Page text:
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One person who has long expected the euro to break up is Philipp Vorndran, 50, chief strategist at Flossbach von Storch, a company that deals in asset management. Vorndran's signature mustache may be somewhat out of step with the times, but his views aren't. "On the financial markets, the euro experiment is increasingly viewed as a failure," says the investment strategist, who once studied under euro architect Issing and now shares his skepticism. For the past three years, Vorndran has been preparing his clients for major changes in the composition of the monetary union.
They are now primarily investing their money in tangible assets such as real estate. The stock market rally of the past weeks can also be explained by this flight of capital into real assets. After a long decline in the number of private investors, the German Equities Institute (DAI) has registered a significant rise in the number of shareholders in Germany.
Particularly large amounts of money have recently flowed into German sovereign bonds, although with short maturity periods they now generate no interest whatsoever. "The low interest rates for German government bonds reflect the fear that the euro will break apart," says interest-rate expert Burkert. Investors are searching for a safe haven. "At the same time, they are speculating that these bonds would gain value if the euro were actually to break apart."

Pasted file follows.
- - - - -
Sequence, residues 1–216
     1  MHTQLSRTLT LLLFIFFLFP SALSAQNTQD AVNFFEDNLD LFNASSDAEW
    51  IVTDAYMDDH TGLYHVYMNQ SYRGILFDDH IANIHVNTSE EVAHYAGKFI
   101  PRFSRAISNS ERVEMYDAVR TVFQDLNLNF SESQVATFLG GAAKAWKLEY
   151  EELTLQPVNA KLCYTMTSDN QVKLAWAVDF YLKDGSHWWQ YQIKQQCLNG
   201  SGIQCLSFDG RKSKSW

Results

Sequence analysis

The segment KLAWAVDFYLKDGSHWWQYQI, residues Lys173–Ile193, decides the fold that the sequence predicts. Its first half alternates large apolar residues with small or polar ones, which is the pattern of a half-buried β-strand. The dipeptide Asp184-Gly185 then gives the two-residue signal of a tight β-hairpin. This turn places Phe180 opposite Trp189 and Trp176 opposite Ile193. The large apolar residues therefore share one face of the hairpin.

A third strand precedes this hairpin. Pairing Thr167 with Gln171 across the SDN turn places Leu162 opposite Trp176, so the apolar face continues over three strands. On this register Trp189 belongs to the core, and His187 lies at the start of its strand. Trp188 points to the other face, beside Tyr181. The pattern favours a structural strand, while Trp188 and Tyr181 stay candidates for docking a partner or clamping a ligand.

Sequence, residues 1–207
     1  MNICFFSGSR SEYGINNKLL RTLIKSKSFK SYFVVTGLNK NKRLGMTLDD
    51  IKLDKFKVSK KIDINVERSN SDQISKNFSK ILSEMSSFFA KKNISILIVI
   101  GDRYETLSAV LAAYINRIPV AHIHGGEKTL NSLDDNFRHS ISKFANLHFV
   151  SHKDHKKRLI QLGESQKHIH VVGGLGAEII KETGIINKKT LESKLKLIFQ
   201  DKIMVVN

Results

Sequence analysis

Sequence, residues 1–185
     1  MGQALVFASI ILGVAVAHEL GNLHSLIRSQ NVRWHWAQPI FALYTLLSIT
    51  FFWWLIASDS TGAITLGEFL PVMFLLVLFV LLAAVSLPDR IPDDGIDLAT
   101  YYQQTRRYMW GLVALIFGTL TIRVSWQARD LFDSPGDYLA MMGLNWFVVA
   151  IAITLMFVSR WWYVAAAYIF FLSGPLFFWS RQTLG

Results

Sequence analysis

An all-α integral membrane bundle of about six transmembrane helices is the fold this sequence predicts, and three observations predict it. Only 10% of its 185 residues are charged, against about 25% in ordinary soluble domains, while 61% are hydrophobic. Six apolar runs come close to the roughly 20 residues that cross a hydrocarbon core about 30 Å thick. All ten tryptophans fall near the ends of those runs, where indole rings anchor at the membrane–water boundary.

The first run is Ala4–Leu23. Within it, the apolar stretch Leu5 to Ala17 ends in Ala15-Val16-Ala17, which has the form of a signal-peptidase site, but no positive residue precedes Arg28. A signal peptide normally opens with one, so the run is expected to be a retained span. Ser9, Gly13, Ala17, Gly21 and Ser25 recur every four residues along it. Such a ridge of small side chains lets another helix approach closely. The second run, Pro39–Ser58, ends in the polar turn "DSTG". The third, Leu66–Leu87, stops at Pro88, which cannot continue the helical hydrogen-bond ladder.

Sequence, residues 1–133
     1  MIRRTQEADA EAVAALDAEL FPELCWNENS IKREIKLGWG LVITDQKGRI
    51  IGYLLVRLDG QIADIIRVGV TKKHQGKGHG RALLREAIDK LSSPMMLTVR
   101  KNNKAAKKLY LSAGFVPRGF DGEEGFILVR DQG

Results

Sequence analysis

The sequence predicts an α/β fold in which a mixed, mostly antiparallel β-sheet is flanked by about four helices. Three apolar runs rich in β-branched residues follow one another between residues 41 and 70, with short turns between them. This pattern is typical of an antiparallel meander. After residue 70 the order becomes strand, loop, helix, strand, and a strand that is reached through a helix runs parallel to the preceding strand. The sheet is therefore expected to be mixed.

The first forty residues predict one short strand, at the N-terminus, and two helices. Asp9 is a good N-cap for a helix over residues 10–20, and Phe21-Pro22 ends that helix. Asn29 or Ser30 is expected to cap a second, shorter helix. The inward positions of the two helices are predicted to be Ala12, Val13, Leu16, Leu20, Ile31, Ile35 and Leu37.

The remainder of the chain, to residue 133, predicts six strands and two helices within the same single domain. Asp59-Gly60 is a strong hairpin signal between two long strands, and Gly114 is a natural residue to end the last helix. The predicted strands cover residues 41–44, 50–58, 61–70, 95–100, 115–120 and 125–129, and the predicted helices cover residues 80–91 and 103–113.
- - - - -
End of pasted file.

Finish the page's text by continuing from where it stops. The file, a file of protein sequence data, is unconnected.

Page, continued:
The most radical option to protect oneself against a collapse of the euro is to completely withdraw from the monetary zone. The current trend doesn't yet amount to a large-scale capital flight from the euro zone. In May, (the ECB does not publish more current figures) more direct investments and securities investments actually flowed into Europe than out again. Nonetheless, this fell far short of balancing out the capital outflows during the troubled winter quarters, which amounted to over €140 billion.
"We notice that it's becoming increasingly difficult to sell Asians and Americans on investments in Europe," says asset manager Vorndran, although the US, Japan and the UK have massive debt problems and "are all lying in the same hospital ward," as he puts it. "But it's still better to invest in a weak currency than in one whose structure is jeopardized."